FASB proposal aims to simplify impairment testing of indefinite-lived intangible assets

BY KEN TYSIAC

FASB on Wednesday issued a proposed Accounting Standards Update it said would reduce costs and simplify the guidance for testing indefinite-lived intangible assets other than goodwill for impairment.

The amendments in the proposed update, Intangibles—Goodwill and Other (Topic 350): Testing Indefinite-Lived Intangible Assets for Impairment, would allow an organization to assess qualitative factors to determine whether performing the quantitative impairment test is necessary.

An organization that chooses to perform a qualitative assessment would be spared calculating the fair value of an indefinite-lived intangible asset unless the qualitative assessment shows that it is “more likely than not” that the asset’s fair value is less than its carrying amount.

Indefinite-lived trademarks, licenses and distribution rights are examples of assets covered by the proposal. All public, private and not-for-profit companies would apply the standard.

The current guidance on the topic is FASB Accounting Standards Codification Subtopic 350-30, Intangibles—Goodwill and Other—General Intangibles Other than Goodwill. That guidance requires an organization to test an indefinite-lived intangible asset for impairment on at least an annual basis. This is done by comparing the asset’s fair value with its carrying amount. If the carrying amount exceeds the asset’s fair value, the difference in those amounts is recognized as an impairment loss.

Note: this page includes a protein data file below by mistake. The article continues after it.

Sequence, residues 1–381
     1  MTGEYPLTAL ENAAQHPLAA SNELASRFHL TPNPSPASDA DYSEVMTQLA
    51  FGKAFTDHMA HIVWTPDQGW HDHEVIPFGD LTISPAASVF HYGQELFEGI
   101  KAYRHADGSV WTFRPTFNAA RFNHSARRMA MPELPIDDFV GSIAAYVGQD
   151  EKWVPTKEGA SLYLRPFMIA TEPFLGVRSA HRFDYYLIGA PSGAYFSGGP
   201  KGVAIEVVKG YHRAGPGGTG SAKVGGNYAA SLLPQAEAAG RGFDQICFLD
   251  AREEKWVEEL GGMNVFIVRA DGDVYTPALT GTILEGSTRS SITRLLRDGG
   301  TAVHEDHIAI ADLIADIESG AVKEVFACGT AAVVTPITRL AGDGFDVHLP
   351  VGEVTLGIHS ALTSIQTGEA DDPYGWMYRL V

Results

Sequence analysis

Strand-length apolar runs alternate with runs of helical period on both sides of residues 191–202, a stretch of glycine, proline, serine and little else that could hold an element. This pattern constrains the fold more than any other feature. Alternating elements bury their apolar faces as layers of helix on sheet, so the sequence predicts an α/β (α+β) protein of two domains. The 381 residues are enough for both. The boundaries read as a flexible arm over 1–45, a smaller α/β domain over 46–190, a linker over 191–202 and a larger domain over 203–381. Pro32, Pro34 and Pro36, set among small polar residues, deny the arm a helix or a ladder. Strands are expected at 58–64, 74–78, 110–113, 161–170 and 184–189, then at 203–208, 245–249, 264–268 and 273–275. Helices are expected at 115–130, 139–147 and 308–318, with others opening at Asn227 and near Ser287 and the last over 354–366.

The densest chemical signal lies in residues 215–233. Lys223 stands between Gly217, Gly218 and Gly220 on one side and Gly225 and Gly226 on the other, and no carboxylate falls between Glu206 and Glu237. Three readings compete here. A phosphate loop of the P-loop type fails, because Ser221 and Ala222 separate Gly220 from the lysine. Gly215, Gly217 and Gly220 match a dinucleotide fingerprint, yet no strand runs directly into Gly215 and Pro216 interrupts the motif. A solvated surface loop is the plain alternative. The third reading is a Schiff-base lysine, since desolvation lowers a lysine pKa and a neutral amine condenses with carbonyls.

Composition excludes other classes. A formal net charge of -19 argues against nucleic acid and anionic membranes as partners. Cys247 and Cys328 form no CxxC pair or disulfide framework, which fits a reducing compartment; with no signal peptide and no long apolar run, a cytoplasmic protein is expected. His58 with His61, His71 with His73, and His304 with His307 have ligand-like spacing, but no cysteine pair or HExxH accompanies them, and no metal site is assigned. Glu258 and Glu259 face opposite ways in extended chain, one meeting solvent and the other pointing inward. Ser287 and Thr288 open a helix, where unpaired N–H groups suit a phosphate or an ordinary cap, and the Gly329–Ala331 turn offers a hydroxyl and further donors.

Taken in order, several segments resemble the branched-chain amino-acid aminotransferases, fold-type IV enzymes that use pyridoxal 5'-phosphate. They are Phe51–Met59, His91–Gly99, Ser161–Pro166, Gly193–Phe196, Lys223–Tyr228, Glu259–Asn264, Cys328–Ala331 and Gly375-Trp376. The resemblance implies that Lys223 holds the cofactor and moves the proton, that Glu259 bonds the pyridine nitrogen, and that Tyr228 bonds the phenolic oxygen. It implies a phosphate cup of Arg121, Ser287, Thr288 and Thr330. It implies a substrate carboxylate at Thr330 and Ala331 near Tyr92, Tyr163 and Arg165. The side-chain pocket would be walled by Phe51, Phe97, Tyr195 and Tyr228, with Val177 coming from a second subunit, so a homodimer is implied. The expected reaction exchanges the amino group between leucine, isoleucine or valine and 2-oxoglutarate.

But in an issue of FASB in Focus issued Wednesday, FASB said it received comments noting that as a result of the recent amendments to the goodwill-impairment guidance and the existing guidance for testing long-lived assets for impairment, only indefinite-lived intangible assets would not be eligible to use a qualitative assessment.

FASB said it constructed the proposed update in an effort to simplify assessment and lower costs while making testing methods more consistent.

“This proposed amendment is intended to reduce the cost of evaluating indefinite-lived intangible assets for impairment without changing the information provided to investors,” FASB Chair Leslie Seidman said in a statement. “The proposed amendment is similar to the simplification that the board issued last year relating to the impairment testing of goodwill.”

The amendments would be effective for annual and interim impairment tests performed for fiscal years beginning after June 15, 2012, and early adoption would be permitted. The exposure draft is open for public comment until April 24.

Ken Tysiac ( ktysiac@aicpa.org ) is a JofA senior editor.

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